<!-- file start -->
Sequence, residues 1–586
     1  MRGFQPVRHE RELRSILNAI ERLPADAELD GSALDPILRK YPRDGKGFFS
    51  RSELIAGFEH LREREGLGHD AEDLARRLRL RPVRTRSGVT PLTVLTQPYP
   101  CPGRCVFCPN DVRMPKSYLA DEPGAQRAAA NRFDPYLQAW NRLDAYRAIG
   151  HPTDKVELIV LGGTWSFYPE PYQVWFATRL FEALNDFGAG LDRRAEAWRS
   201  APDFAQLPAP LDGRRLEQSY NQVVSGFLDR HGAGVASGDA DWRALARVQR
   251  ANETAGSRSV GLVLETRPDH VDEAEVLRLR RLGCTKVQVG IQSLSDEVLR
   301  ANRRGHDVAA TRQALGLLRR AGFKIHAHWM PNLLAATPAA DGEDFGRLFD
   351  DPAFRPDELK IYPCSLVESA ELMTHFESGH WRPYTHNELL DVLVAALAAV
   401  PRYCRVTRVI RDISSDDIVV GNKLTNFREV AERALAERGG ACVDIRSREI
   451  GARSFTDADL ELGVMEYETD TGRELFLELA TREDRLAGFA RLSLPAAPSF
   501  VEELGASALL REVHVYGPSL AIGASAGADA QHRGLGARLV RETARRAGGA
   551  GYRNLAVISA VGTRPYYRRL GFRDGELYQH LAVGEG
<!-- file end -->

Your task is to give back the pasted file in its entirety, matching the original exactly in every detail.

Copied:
Sequence, residues 1–586
     1  MRGFQPVRHE RELRSILNAI ERLPADAELD GSALDPILRK YPRDGKGFFS
    51  RSELIAGFEH LREREGLGHD AEDLARRLRL RPVRTRSGVT PLTVLTQPYP
   101  CPGRCVFCPN DVRMPKSYLA DEPGAQRAAA NRFDPYLQAW NRLDAYRAIG
   151  HPTDKVELIV LGGTWSFYPE PYQVWFATRL FEALNDFGAG LDRRAEAWRS
   201  APDFAQLPAP LDGRRLEQSY NQVVSGFLDR HGAGVASGDA DWRALARVQR
   251  ANETAGSRSV GLVLETRPDH VDEAEVLRLR RLGCTKVQVG IQSLSDEVLR
   301  ANRRGHDVAA TRQALGLLRR AGFKIHAHWM PNLLAATPAA DGEDFGRLFD
   351  DPAFRPDELK IYPCSLVESA ELMTHFESGH WRPYTHNELL DVLVAALAAV
   401  PRYCRVTRVI RDISSDDIVV GNKLTNFREV AERALAERGG ACVDIRSREI
   451  GARSFTDADL ELGVMEYETD TGRELFLELA TREDRLAGFA RLSLPAAPSF
   501  VEELGASALL REVHVYGPSL AIGASAGADA QHRGLGARLV RETARRAGGA
   551  GYRNLAVISA VGTRPYYRRL GFRDGELYQH LAVGEG